- I was advised to let nature take its course and if my workers want to make a new queen, let them. and then let the bees choose which queen will rule the hive.
- I was advised to requeen.
- I was advised to take a frame of brood from my super duper hive #1 and move it to hive #2.
- I was advised not to move a frame.
I called John this morning and in no time he was on his way to Worthington from Plain City. He gave me a much needed lesson in lighting the smoker and we headed to my beeyard. We gave hive #2 some calming puffs of smoke and had a look inside. There were more drowned bees in the feeder, but not too many. There were signs that new bees have been emerging. That's a good thing. We looked and looked but could not find the queen, so we looked some more. And then we started over, frame by frame, looking for but not finding her. John believes the queen is gone--that either she died or the workers threw her out.
We examined the three queen cells. Only one had an egg, indicating that the queen had been there in the last three days. We saw some larvae, but very few eggs. Not good. A good queen lays about 1,000 eggs per day.
John's advice: if I could locate one, requeen with an Ohio queen, destroy the queen cells, don't move a frame of brood.
I called one of the COBA members who grafts (creates) queens and she has one. So I will be off to German Village tomorrow morning to get my new queen. Those of you who know this city understand how appropriate this is!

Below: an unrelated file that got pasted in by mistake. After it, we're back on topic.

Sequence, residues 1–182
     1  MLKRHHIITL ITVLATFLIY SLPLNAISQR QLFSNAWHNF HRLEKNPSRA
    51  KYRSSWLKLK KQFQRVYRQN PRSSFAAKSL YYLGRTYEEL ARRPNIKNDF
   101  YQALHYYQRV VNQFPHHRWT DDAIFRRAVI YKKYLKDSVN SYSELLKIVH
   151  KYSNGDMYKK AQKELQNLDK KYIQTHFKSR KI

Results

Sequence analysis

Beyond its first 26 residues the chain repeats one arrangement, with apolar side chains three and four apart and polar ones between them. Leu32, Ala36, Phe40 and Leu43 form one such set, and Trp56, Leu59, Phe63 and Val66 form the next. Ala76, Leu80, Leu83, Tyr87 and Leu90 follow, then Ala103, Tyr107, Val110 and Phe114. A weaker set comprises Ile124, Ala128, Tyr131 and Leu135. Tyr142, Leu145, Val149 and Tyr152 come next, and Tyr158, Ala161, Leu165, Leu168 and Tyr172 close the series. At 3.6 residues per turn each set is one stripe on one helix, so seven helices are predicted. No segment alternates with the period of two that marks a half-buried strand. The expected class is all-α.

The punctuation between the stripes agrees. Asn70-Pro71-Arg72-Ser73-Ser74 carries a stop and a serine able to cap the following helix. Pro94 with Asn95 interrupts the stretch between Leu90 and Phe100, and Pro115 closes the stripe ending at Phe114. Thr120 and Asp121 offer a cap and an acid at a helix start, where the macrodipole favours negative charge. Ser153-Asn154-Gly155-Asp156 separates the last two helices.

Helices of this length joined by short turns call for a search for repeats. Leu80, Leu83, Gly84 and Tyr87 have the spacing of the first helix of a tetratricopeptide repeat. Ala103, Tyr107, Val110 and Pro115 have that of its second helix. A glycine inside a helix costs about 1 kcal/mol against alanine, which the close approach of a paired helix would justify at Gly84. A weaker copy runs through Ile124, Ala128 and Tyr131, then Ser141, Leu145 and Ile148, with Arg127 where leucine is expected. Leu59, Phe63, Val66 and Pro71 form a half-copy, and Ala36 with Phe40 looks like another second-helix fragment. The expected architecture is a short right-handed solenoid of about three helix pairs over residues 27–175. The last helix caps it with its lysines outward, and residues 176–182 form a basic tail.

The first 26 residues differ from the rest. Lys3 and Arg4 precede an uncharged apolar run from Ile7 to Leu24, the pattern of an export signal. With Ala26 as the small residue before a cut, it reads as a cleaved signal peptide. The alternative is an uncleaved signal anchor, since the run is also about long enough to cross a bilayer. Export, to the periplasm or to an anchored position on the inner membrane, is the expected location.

John will return tomorrow to help me install the new Ohio queen and make sure my original queen is gone.
Of course we took a look into the other two hives. The girls in hive #1 are doing an incredible job tending to the nursery. Brood is emerging and they are storing honey. I found the queen, which I had been unable to do the last two inspections. Hive #1 gets a gold star! Hive #3, the newbees, is also coming right along. Those workers are very busy drawing out comb and while we looked for the queen, we didn't see her. We know she's there, though, because there are lots of eggs. I got smart and took a magnifier out with me, so I finally got to see eggs. They are very tiny so it's going to take some practice for these old eyes to find them.
While John was here, my friend Wendy came over to see the bees. Lucky Wendy got to come close and watch us examine the hives.
Stay tuned; I will probably write another entry tomorrow about how the requeening went. The weather forecast is for a nice day. I would appreciate that, and I know my bees would, too.